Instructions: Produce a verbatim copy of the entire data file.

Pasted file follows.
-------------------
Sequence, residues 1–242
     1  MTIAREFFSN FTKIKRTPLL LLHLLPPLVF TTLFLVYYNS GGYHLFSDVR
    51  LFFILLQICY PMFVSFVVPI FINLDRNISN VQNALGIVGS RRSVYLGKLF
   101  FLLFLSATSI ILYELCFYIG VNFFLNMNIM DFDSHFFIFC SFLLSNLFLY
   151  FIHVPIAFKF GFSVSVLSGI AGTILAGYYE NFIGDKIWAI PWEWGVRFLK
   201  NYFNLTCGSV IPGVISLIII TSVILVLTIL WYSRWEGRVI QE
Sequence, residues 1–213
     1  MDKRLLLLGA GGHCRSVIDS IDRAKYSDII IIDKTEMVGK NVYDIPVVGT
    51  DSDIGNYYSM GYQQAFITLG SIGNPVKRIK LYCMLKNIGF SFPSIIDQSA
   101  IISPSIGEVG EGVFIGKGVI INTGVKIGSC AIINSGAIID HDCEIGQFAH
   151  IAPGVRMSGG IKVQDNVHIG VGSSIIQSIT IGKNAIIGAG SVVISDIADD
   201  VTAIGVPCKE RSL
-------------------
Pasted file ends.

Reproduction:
Sequence, residues 1–242
     1  MTIAREFFSN FTKIKRTPLL LLHLLPPLVF TTLFLVYYNS GGYHLFSDVR
    51  LFFILLQICY PMFVSFVVPI FINLDRNISN VQNALGIVGS RRSVYLGKLF
   101  FLLFLSATSI ILYELCFYIG VNFFLNMNIM DFDSHFFIFC SFLLSNLFLY
   151  FIHVPIAFKF GFSVSVLSGI AGTILAGYYE NFIGDKIWAI PWEWGVRFLK
   201  NYFNLTCGSV IPGVISLIII TSVILVLTIL WYSRWEGRVI QE
Sequence, residues 1–213
     1  MDKRLLLLGA GGHCRSVIDS IDRAKYSDII IIDKTEMVGK NVYDIPVVGT
    51  DSDIGNYYSM GYQQAFITLG SIGNPVKRIK LYCMLKNIGF SFPSIIDQSA
   101  IISPSIGEVG EGVFIGKGVI INTGVKIGSC AIINSGAIID HDCEIGQFAH
   151  IAPGVRMSGG IKVQDNVHIG VGSSIIQSIT IGKNAIIGAG SVVISDIADD
   201  VTAIGVPCKE RSL